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Words and Oil Gush from Chavez's Venezuela

By Pascal Fletcher |

18.04.05 | Posted Fri Apr 15, 2005 04:14 PM ET | CARACAS, Venezuela (Reuters) - "Sit down," Venezuelan President Hugo Chavez told me, irritation flaring in his voice. I had dared to interrupt His Excellency the President of the Bolivarian Republic of Venezuela as he lectured foreign journalists during a news conference at Miraflores Palace.

Not for the first time, the mercurial left-wing leader whom critics and admirers call the new Fidel Castro had failed to answer the question.

Since he was first elected in 1998 to lead the world's number five oil exporter, words have gushed from Chavez's mouth as thickly and pungently as the heavy crude that is Venezuela's lifeblood.

His speeches are often meandering marathons lasting hours in which the president, who claims inspiration from Latin America's 19th century liberator Simon Bolivar, dabbles in the divine and the ridiculous.

He is as much at home presenting himself as the reincarnation of Bolivar or a modern-day messenger of Christ, as he is berating his enemies -- these days usually the U.S. -- or cracking jokes about the wart on his head.

Reporting his public appearances can be a mind-numbing endurance test, made worse by his chronic unpunctuality.

You can risk wrist cramp by taking hand-written notes of his encyclopedic speeches, but the least attractive option must surely be playing back the tape, a severe strain to a brain already befuddled by hours of unrelenting rhetoric.

And woe betide if you let your attention slip -- in that second Chavez may dismiss a key minister or drop his latest verbal bombshell about OPEC or oil supplies to the U.S.. -- and you probably need to send a news alert.

Getting a straight answer is also a challenge. If you do manage to interrupt his word flow, he is likely to knock you down with all the gusto of a Latin American baseball hitter playing in the U.S. leagues. "That's your opinion," he says.

And if you're the duty reporter in Caracas on a weekend, you can forget about a relaxing Sunday lunch with family or friends. Most of your day will be taken up with covering Chavez's weekly Sunday live television show "Hello President."

This show, sometimes lasting seven straight hours, resembles a Medieval court -- presided over by the red-shirted "monarch" himself.

Often, Chavez plays the buffoon, breaking into song or reciting poetry.

After more than four years in Caracas, I can complete most of his jokes and anecdotes before he finishes them, and even sing along to his favorite tunes.

I've also learned a lot of Venezuelan history, since the president delights in telling everyone about his favorite figures. A red-blooded nationalist, Chavez invariably prefers those who defied foreign "imperialism."

Sometimes, his antics descend into comic opera. Days before a 2002 coup that briefly toppled him, Chavez, blowing a soccer referee's whistle, sacked top state oil firm managers on TV.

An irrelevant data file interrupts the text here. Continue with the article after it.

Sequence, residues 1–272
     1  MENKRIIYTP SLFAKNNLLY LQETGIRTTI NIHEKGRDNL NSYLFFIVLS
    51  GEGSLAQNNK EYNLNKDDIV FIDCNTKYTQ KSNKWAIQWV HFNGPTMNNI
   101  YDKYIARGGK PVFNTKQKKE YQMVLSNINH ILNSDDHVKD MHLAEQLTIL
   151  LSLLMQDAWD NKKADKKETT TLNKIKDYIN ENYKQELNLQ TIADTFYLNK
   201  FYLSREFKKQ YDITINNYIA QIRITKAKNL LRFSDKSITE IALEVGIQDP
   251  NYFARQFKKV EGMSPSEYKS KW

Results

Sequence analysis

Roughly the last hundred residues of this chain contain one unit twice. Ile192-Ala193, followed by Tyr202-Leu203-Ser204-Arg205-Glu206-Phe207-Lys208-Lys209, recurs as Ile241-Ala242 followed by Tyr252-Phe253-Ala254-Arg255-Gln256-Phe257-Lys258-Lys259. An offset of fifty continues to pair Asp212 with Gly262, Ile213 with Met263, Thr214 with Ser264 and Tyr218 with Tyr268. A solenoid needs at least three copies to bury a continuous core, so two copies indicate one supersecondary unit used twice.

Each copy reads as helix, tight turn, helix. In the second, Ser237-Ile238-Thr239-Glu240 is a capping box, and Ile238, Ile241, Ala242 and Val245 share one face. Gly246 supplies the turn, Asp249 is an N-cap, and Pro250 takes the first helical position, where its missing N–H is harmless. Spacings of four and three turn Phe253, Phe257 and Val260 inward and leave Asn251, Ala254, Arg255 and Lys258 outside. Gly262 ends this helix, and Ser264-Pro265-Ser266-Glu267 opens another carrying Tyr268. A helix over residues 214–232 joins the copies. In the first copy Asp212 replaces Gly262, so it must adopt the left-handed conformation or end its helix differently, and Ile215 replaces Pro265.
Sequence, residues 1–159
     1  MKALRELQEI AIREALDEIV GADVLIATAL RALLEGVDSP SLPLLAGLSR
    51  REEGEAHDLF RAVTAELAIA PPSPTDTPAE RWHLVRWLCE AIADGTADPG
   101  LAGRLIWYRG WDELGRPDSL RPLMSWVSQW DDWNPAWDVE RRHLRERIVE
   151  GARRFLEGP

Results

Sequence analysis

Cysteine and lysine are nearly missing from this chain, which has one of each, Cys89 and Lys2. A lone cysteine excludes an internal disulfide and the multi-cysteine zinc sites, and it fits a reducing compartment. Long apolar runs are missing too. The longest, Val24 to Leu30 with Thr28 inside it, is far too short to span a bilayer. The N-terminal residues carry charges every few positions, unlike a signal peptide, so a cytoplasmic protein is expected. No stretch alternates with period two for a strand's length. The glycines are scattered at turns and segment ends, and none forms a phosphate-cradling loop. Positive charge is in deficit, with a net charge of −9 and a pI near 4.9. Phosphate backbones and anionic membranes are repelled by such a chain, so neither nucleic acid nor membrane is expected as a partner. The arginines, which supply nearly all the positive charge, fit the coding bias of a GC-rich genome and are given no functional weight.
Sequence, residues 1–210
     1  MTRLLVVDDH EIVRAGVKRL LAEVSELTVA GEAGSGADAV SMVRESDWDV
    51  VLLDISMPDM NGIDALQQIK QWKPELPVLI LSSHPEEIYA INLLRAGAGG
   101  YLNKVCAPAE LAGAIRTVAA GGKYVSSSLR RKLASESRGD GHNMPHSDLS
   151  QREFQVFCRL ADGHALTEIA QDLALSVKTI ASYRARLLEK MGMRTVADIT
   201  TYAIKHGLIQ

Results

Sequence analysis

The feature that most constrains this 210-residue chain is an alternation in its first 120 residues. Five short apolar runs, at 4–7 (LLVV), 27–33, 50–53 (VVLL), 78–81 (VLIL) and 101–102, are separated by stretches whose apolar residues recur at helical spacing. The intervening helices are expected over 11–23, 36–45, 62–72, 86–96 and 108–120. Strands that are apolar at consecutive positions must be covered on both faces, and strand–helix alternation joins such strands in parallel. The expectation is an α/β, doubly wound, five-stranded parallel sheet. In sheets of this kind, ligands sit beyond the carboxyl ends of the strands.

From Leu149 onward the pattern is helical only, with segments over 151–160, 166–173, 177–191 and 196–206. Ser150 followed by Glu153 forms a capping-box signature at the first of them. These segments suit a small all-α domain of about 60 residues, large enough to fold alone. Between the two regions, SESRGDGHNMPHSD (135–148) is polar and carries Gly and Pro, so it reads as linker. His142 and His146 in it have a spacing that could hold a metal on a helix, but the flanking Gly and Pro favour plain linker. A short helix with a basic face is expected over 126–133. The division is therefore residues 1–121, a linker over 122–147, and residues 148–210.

"Pheeeeeeeeeeeeeeeeeeeeeeeee. Offside! You're sacked, Mr So and So!" he yelled, giggling at his own performance.

Four days later, rebel generals and admirals ousted him after at least 19 people were killed by gunmen amid scenes of mayhem during a huge opposition march to the palace.

But 48 hours afterwards he was swept back into power by supporters from Caracas' slums and loyal military commanders who reversed the bumbling coup without firing a shot.

These were days of confusion as phalanxes of anti-Chavez uniformed officers -- faces stern, hands crossed over their chests or knees -- appeared on TV to denounce the president. Others, striking a similar pose, came on to pledge support for him.

All, without exception, declared they were fighting for the Constitution. In Latin America this is a sure sign of trouble.

I have vivid memories, too, of covering street clashes between supporters and foes of Chavez. Few experiences are more disturbing than hearing the repeated crack of gunshots, seeing the panic-stricken crowd scatter in every direction and stumbling on bleeding bodies on the pavement, without having a clue who is shooting or from where.

Chavez went on to survive a crippling opposition strike that -- almost inconceivably for Venezuela, where gasoline is cheaper than bottled water -- dried up gas station supplies.

Chavez often seems to have difficulty controlling a hot-blooded country where events are unpredictable.

Who would have thought the kidnappers of a top Colombian rebel snatched in Caracas last December would turn out to be members of Chavez's own "revolutionary" armed forces acting as rogue bounty hunters in the pay of Colombia's police?

In the land of oil and beauty queens, and now revolution, money may still talk louder than ideology.

Or as one private banker -- no friend of Chavez -- put it: "With this Revolution, I'm making more money than ever."

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